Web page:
"He's always like that," said center Todd McClure of his coach. "I love playing for him. I think everybody in this locker room does. He�s always got your back. He is always looking out for his guys."
Smith's emotion was on full display in Sunday's 31-17 victory over the Washington Redskins. After his quarterback Matt Ryan took a late hit from Redskins safety LaRon Landry. Smith became visibly upset at the play, which also drew the attention of former Falcon and current Redskin corner DeAngelo Hall.
Smith and Hall appeared to exchange words on the sideline while, according to Hall, other Falcon coaches starting grabbing the defensive back.
"I ran over there to help my guy, and next thing I know, one of their strength and conditioning coaches started grabbing at me, putting his hands on me," said Hall after the game. "Then other guys put their hands on me. The whole time I'm trying to get them off me."
It wasn't shocking that Hall was involved, given that he was unhappy about how his tenure with the Falcons, which ran from 2004-07, ended.
"I was on the other side of the field, so I saw the commotion, and I had a feeling that [Hall] might have had something to do with it," said wide receiver Roddy White, a former teammate of Hall's in Atlanta.
Smith didn't offer too much information of the melee after the game.
"There were a bunch of guys on that sideline. Some of them were wearing black helmets and some of them were wearing maroon helmets," said the coach. "I can't tell you anything more about it. It was very, very hectic on that sideline. There were a lot of things going on, and my main goal was for the safety of our football team and restoring order."
While the league will likely look into the incident, the main thing the Falcons can take out of it is that they have a coach that has their back. Smith's inspired defense notched a club record-tying five first-half sacks en route to a 24-3 halftime lead, while running back Michael Turner notched a season-high 166 yards running, including touchdown runs of 30 and 58 yards.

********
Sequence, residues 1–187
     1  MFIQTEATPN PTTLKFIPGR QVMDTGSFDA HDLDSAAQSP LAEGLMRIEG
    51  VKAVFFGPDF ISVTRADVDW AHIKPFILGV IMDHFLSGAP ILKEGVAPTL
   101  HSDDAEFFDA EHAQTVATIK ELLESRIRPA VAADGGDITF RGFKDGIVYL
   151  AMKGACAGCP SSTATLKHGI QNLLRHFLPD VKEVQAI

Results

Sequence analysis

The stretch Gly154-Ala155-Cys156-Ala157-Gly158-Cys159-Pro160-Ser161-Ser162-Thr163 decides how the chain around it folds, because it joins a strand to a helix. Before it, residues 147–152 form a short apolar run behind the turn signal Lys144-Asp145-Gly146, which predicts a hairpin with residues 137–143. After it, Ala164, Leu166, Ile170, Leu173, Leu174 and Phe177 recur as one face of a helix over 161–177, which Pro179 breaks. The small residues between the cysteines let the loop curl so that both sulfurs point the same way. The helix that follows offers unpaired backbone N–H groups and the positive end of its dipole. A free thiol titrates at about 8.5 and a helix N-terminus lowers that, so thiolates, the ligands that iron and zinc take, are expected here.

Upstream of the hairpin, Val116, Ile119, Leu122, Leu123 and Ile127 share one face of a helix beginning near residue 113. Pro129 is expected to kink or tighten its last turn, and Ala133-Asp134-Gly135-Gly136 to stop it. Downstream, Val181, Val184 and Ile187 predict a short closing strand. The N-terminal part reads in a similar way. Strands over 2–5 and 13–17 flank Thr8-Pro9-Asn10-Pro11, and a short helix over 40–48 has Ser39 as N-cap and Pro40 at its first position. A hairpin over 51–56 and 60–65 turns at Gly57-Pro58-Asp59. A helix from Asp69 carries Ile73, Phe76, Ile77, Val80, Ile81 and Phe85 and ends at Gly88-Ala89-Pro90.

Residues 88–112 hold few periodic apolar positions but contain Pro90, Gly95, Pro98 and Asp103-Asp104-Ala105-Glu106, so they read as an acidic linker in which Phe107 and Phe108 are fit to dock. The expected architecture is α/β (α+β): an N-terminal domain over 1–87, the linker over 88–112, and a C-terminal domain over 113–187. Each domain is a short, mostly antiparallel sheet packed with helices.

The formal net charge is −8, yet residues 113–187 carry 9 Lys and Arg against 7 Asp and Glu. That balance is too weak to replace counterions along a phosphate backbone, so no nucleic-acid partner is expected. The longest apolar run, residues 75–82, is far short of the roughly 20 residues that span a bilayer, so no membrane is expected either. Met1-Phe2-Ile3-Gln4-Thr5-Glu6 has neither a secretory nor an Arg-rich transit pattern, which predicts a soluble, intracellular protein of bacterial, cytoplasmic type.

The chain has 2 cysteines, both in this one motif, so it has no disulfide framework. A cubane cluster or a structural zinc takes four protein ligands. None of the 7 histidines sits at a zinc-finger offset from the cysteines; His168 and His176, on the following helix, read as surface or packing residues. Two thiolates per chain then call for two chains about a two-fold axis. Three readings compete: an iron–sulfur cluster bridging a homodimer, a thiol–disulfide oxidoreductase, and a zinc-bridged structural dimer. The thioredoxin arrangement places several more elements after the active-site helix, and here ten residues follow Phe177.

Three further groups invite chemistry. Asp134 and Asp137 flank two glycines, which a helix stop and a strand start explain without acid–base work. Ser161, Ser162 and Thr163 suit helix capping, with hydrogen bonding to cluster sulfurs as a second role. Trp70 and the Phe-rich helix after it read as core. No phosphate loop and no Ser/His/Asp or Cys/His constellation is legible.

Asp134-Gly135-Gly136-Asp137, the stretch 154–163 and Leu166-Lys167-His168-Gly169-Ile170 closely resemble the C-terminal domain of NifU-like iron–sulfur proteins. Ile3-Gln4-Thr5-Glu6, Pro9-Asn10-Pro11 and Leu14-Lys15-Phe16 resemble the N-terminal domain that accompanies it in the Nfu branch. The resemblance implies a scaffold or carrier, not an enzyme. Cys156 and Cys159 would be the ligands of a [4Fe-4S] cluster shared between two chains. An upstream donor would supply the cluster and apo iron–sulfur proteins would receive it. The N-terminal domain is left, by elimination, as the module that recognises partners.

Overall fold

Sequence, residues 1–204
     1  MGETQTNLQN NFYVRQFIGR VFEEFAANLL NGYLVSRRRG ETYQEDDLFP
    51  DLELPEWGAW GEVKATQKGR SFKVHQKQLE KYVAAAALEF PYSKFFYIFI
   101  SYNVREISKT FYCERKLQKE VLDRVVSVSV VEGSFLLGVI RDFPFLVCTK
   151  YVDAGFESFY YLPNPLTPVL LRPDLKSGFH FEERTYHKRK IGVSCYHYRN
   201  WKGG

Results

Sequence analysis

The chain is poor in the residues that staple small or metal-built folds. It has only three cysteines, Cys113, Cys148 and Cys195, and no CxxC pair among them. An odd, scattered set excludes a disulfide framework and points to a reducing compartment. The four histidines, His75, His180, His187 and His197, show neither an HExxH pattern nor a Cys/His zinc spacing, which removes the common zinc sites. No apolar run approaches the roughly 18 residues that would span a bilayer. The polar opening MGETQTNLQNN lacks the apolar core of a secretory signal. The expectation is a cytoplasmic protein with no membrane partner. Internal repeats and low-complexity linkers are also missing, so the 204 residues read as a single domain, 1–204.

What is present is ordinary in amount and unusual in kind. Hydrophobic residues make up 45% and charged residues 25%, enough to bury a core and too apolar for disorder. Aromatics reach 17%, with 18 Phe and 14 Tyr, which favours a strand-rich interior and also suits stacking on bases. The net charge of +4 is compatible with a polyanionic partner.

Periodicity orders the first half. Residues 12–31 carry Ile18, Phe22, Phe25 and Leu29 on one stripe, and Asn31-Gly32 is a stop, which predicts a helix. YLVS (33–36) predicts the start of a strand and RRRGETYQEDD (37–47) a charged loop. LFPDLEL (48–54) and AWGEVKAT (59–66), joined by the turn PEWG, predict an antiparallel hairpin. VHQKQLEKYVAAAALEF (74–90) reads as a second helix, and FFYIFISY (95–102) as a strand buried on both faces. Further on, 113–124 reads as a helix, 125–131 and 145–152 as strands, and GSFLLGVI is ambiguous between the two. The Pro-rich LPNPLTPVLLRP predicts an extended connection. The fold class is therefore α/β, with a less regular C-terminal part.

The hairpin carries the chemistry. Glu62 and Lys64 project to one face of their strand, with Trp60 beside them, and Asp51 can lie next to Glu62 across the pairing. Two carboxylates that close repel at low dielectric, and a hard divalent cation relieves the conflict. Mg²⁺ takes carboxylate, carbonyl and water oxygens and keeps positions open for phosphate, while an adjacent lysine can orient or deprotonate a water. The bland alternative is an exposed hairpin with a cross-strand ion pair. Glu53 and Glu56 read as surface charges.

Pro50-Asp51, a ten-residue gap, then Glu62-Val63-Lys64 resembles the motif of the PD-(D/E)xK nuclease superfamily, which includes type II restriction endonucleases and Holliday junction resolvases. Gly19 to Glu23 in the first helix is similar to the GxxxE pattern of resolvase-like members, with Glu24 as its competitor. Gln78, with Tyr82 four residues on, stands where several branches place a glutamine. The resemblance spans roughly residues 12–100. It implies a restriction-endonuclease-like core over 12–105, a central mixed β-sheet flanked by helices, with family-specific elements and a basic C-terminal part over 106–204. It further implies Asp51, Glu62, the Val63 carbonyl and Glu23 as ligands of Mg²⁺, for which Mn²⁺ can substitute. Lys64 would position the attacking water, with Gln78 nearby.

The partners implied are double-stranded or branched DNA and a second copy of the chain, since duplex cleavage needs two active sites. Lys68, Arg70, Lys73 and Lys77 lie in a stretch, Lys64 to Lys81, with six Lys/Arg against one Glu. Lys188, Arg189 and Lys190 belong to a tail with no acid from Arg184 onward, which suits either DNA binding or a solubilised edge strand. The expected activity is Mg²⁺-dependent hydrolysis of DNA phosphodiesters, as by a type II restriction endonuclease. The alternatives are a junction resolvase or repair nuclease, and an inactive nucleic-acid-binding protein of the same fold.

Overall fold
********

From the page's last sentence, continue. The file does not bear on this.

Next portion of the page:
Atlanta needs all the help it can get if it hopes to stay in contention for the NFC South title. At 5-3, the Falcons are three games back of the 8-0 Saints for the top spot and visit the 3-5 Carolina Panthers this weekend.
PANTHERS: The Carolina Panthers gave it their all in a game versus the New Orleans Saints this past weekend that nobody expected them to win. That loss, though, wasn't the only thing that hurt the club's longshot chances at a playoff spot.
Linebacker Thomas Davis suffered a season-ending torn ACL in his right knee, the latest injury blow to a Panthers squad that can ill afford to lose any more players.
Davis, who had 61 tackles, two interceptions and a safety in seven games, suffered the injury in the fourth quarter of Sunday's 30-20 setback during a Saints' pass play. It is the same knee in which the 26-year-old suffered a sprained MCL during in training camp, but that injury did not cause him to miss the start of the season.
"He's played very well," head coach John Fox said on Monday of Davis. "I feel bad for the young man because he's put a lot into it. He was playing at a high level."
Because of new contracts handed out this year to quarterback Jake Delhomme and offensive lineman Jordan Gross, and a franchise tender signed by defensive end Julius Peppers, the Panthers entered 2009 with thin depth at a few positions. The club has already placed defensive tackles Ma'ake Kemoeatu and Corvey Irvin on injured reserve along with quarterback Josh McCown, while safety Charles Godfrey, fullback Brad Hoover, wide receiver Muhsin Muhammad and tight end Dante Rosario are all currently dealing with injuries.